4. Agriculture, Ministry of. "Apple Scab Management in British Columbia - Province of British Columbia". Retrieved 2020-02-02.
  5. Gauthier, Nicole (2018). "Apple scab". American Phytopathological Society. Retrieved 2020-02-02.
  6. Jha, G., Thakur, K., & Thakur, P. (2009). The Venturia Apple Pathosystem: Pathogenicity Mechanisms and Plant Defense Responses. Journal of Biomedicine and Biotechnology, 2009. doi:10.1155/2009/680160
  7. Bowen, Joanna K.; Mesarich, Carl H.; Bus, Vincent G. M.; Beresford, Robert M.; Plummer, Kim M.; Templeton, Matthew D. (2011). "Venturia inaequalis: the causal agent of apple scab". Molecular Plant Pathology. 12 (2): 105–122. doi:10.1111/j.1364-3703.2010.00656.x. ISSN 1364-3703. PMC 6640350. PMID 21199562.
  8. Gladieux, Pierre (2008). "On the Origin and Spread of the Scab Disease of Apple: Out of Central Asia". PLOS ONE. 3 (1): e1455. Bibcode:2008PLoSO...3.1455G. doi:10.1371/journal.pone.0001455. PMC 2186383. PMID 18197265.
  9. Schumann, Gail (1991). Plant diseases: Their biology and social impact. St. Paul, Minnesota, USA: The American Phytopathological Society. pp. 173–177.
  10. Singh, Krishna P. (September 2019). "Aerobiology, epidemiology and management strategies in apple scab: science and its applications". Indian Phytopathology. 72 (3): 381–408. doi:10.1007/s42360-019-00162-5. ISSN 0367-973X. S2CID 204148966.
  11. Li, B.; Xu, X. (2002). "Infection and Development of Apple Scab (Venturia inaequalis) on Old Leaves". Journal of Phytopathology. 150 (11–12): 687–691. doi:10.1046/j.1439-0434.2002.00824.x. ISSN 1439-0434.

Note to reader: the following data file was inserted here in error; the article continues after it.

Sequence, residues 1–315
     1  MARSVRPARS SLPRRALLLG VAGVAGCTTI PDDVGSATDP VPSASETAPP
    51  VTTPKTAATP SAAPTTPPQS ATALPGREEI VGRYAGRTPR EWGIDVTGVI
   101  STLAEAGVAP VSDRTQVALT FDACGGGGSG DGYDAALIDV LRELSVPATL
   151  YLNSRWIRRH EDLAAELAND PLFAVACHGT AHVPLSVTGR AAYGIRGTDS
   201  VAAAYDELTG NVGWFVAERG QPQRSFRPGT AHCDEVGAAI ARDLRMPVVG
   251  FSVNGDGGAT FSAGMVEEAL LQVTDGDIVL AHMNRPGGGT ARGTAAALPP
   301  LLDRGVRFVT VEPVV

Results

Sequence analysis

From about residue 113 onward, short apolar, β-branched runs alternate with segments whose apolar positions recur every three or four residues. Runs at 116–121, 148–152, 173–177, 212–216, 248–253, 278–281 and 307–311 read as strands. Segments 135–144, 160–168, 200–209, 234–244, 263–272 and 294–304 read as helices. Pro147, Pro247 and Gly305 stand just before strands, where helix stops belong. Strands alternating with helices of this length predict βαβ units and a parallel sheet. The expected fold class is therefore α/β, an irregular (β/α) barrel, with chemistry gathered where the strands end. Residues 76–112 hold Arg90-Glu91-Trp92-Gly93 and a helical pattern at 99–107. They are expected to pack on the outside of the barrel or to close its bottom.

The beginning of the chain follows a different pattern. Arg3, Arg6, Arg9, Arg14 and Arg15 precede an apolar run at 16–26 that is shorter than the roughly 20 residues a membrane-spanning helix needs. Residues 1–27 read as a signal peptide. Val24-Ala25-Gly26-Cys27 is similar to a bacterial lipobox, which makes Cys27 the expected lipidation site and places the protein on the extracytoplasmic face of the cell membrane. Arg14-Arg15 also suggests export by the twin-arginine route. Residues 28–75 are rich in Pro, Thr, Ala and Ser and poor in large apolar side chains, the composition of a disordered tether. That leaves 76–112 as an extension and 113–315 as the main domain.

12. Köller, Wolfram; Parker, D. M.; Turechek, W. W.; Avila-Adame, Cruz; Cronshaw, Keith (May 2004). "A Two-Phase Resistance Response of Venturia inaequalis Populations to the QoI Fungicides Kresoxim-Methyl and Trifloxystrobin". Plant Disease. 88 (5): 537–544. doi:10.1094/PDIS.2004.88.5.537. ISSN 0191-2917. PMID 30812659.
  13. Wightwick, Adam M.; Salzman, Scott A.; Reichman, Suzanne M.; Allinson, Graeme; Menzies, Neal W. (2012-08-14). "Effects of copper fungicide residues on the microbial function of vineyard soils". Environmental Science and Pollution Research. 20 (3): 1574–1585. doi:10.1007/s11356-012-1114-7. hdl:11343/283109. ISSN 0944-1344. PMID 22890509. S2CID 5745969.
  14. van Lenteren, J.C. (2012). "IOBC Internet Book of Biological Control, version 6" (PDF). International Organisation for Biological Control.
  15. "Serenade ASO Fungicide | Crop Science US". Retrieved 2020-04-06.
  16. "Apple (Malus spp.)-Scab". Pacific Northwest Pest Management Handbooks. 2015-09-11. Retrieved 2020-04-06.
  17. Köhl, Jürgen; Scheer, Christian; Holb, Imre J.; Masny, Sylwester; Molhoek, Wilma (2014-10-15). "Toward an Integrated Use of Biological Control by Cladosporium cladosporioides H39 in Apple Scab (Venturia inaequalis) Management". Plant Disease. 99 (4): 535–543. doi:10.1094/PDIS-08-14-0836-RE. ISSN 0191-2917. PMID 30699552.
  18. Janick, Jules (2006). "The PRI Apple Breeding Program" (PDF). HortScience. 41: 8–10. doi:10.21273/HORTSCI.41.1.8.
This article is issued from Wikipedia. The text is licensed under Creative Commons - Attribution - Sharealike. Additional terms may apply for the media files.